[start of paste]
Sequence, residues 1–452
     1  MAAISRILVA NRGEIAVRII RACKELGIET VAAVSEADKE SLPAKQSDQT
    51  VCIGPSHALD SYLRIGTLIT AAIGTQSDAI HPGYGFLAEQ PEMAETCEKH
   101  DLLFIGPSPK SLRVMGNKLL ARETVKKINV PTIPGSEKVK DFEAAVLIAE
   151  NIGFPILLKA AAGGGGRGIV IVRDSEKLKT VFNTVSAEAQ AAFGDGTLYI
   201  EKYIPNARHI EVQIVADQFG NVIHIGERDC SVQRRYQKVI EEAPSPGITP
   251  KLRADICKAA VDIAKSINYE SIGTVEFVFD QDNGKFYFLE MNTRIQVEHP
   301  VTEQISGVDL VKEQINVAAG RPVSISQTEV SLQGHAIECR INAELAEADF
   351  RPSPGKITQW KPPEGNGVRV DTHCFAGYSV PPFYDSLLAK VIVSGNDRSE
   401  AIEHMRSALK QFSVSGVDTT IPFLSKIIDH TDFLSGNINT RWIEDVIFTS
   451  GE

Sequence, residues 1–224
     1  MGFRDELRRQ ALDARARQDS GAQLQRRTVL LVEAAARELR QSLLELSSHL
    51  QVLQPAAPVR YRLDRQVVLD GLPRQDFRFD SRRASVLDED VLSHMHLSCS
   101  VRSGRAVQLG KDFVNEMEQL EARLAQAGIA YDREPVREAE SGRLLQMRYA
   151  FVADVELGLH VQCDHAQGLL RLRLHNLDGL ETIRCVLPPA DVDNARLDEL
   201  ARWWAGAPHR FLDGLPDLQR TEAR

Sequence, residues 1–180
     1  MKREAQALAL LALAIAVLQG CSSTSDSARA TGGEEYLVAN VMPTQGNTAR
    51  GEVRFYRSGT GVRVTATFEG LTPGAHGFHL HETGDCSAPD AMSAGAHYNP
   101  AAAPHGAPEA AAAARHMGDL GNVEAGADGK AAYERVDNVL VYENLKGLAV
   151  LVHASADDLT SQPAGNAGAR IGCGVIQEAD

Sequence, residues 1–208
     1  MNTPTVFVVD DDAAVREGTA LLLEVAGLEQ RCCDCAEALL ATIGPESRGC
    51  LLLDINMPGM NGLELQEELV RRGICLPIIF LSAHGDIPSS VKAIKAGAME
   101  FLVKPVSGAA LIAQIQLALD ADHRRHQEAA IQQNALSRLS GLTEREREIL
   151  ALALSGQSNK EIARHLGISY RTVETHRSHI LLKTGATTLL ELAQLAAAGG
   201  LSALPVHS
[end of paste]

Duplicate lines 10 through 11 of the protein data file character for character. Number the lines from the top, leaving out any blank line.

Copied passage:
   401  AIEHMRSALK QFSVSGVDTT IPFLSKIIDH TDFLSGNINT RWIEDVIFTS
   451  GE